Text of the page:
From Fred Astaire to Cary Grant, we can thank the golden era of Hollywood for popularizing this classic cloth.

Unlike pinstripe, it looks best on a heavier base, which mostly means flannel.

Isaia Napoli chalkstripe suit in gray



Gingham check fabric pattern in menswear

Evenly-sized checks in two or more colors make gingham an always interesting pattern option. In large checked version, think country singers of yore, but in subtly sized check, it can make for a statement-making dashing sport coat or jacket, as with this stylish number from Belvest below.

Gingham jacket for men by Belvest


GLENPLAID check fabric pattern in men's sporting jackets

Glen plaid is a normally found in woolen fabrics with a pattern design of small and large checks usually worked into black and white hues or muted browns.

The essence of the pattern is two dark lines with two light stripes, which then cross over with four dark and light stripes. As soon as you see this eye-catching check, you immediately think of Scottish country estate.

Despite its Scottish origins, this is a stunning example below of Glenplaid in Neapolitan tailoring from Kiton

Glenplaid jacket in beige by Kiton 


Windowpane fabric pattern in menswear



Windowpane is formed from two perpendicular pinstripes. This pattern is a definite sign of clothing connoisseur who takes great interest in looking sharp.

Depending on the colorway (the range of combinations in which a style or design is available), this pattern can work in the boardroom, for a club, or do country sports.

Who has worn Windowpane to greatest effect recently? We loved the Tom Ford piece that Daniel Craig wore as James Bond in Skyfall.

Kiton Windowpane Suit




GLENURQUHART CHECK fabric pattern in men's sporting blazers

Glenurquhart checks dates as far back as 19th Century England. It is one of the most famous fabrics in traditional menswear. 

This graphic pattern makes up wonderfully either as a suit or jacket or if you prefer to show a more serious side, choose an overcoat in this wonderful design.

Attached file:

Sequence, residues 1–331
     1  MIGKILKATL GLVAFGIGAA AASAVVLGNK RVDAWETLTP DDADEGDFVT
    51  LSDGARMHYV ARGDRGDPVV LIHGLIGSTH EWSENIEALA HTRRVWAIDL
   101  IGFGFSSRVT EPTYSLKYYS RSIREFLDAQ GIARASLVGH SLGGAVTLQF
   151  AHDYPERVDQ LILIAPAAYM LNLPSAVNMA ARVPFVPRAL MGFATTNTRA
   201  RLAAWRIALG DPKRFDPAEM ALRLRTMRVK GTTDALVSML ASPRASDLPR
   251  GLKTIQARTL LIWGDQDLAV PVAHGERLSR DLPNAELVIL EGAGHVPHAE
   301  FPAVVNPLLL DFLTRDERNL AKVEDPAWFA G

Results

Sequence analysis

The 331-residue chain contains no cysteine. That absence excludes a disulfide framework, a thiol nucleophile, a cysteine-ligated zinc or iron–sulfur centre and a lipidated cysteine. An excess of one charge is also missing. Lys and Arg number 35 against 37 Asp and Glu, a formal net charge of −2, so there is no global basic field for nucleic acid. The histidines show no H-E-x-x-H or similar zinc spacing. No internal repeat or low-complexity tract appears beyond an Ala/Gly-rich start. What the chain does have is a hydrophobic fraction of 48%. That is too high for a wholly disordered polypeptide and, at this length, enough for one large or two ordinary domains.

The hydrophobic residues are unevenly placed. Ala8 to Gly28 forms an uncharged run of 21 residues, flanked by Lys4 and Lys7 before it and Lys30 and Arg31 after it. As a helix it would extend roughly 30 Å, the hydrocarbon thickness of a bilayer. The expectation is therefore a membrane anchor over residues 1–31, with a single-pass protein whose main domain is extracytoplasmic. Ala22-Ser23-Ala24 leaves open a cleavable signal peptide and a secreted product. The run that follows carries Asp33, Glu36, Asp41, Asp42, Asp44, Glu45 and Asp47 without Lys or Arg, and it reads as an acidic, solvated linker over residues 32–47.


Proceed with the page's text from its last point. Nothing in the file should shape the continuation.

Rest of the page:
This uber stylish suit from Sartoria Partenopea superbly shows off the instant impact of a Glennurquhart check.

Sartoria Partenopea glenurquhart check suit in gray



Prince of Wales check fabric pattern

A bolder version of glenplaid is the Prince of Wales check, named after Edward VIII, who was a great champion of elegant menswear.

What is the difference between glen plaid and Prince of Wales check? The subtlety lies in the arrangement of checks. There is a base check usually in a plain color, such as gray, and then on top another check is added, which usually puts a brighter color into the overall look and mix.

This allows for a lot of opportunity to mix it with myriad colors and patterns to come up with infinite results. However, we advise to stick with two (maximum three) patterns per look.

The Prince of Wales check is another pattern that results in an impressive crisp business suit, as you cans see in this elegant Cesare Attolini handmade flannel suit below.

Handmade flannel business suit by Cesare Attolini


HOUNDSTOOTH fabric pattern

Another Scottish stalwart, the duo-toned Houndstooth pattern is here to stay. 

This broken check was designed to be worn on informal occasions. In other words, it's best not to wear this pattern as an entire suit. Instead, match a houndstooth blazer with solid color pants, or conversely, try houndstooth pants with a solid color jacket (or perhaps a navy blazer).

We suggest avoiding black and white houndstooth, as this is a very popular choice in ladies style, so select a confident blue, gray or black tone.

 Houndstooth jacket in brown by Cesare Attolini


1 comment

Amazing design and stylish stuff i liked it a lot ….. thanks for sharing

DE billa